It is for now "French".

What do people from Reunion island, in the Indian Ocean reply to the question:

"Where are you from?"

"I am from France."
"I am Reunionais."

Who decides what it is to be French?

Who decides what it is to be Auvergnat?

Who decides what it is to be English, British?

What do I answer when I am aware of my heritage with its English, Scottish, Irish, Dutch, and Norman origins?

On what criteria shall I be judged "really English"?

I chat with one of my friends from university that I have known for thirty years.

"You're not really English now are you?" he says in a broad Derbyshire accent, "You're more French than English."

Where are you from?

As a child, I lived in a big house, a rectory, as my father was a clergyman.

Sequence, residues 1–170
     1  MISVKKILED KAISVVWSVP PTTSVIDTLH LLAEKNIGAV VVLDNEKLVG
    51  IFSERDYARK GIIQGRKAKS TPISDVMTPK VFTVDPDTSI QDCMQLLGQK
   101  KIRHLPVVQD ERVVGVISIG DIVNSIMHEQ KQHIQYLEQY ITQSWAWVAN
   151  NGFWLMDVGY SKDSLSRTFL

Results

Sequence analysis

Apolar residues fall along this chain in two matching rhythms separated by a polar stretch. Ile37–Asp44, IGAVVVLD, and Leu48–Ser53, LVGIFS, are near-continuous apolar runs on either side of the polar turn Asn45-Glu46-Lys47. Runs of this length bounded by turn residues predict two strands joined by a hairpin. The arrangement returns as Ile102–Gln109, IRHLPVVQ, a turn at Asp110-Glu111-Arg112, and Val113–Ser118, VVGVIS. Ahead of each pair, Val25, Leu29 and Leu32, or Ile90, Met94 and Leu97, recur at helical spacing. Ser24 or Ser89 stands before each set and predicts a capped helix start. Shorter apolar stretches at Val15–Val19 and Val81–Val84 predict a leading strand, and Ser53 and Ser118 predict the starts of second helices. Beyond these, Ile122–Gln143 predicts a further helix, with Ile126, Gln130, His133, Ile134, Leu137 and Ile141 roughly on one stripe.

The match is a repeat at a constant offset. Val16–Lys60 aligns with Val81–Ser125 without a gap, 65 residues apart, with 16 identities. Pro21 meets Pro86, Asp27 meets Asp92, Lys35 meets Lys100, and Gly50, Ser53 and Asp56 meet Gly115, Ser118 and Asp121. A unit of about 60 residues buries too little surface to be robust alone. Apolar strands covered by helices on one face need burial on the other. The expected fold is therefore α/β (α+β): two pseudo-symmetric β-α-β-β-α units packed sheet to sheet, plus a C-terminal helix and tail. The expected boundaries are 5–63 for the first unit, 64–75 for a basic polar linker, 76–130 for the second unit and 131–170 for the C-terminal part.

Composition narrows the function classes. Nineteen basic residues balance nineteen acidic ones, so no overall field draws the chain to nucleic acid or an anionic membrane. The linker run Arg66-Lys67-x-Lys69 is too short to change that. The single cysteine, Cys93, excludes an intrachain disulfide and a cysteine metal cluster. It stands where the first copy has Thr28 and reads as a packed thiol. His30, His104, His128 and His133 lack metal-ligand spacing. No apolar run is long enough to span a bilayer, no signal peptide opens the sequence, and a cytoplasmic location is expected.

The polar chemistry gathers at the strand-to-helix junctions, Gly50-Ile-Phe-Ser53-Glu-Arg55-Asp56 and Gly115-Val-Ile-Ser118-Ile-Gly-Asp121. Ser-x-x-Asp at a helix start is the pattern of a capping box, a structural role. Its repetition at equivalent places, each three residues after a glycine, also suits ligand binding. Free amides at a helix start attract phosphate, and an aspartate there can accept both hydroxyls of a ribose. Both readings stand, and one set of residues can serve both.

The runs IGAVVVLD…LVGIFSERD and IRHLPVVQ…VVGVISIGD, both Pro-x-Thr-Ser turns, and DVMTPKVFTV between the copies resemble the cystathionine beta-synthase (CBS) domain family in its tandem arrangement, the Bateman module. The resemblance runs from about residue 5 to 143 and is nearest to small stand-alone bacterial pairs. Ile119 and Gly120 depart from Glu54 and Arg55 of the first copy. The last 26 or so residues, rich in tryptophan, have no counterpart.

When I played in the park and spoke to the other kids, it was clear that I was unlike them.

They gave me dirty looks and chattered between themselves.

I never had a local accent like theirs.

I never sounded like I was from any place in particular.

I remember being able to detect the accent from a small town near Preston in Lancashire.

"That person's from Bamber Bridge," I rightly guessed.

Nobody easily detected where I was from.

I didn't come from a place, I came from a class.

I was marked as "posh"  by some.

I spoke, like many middle class kids, a version of "received prononunciation"

I alternate vowel sounds from the North West and from received pronunciation.

I am not quite one thing or another.

I am not a real anything really.

I am a human...I suppose.

"So where are you really from?"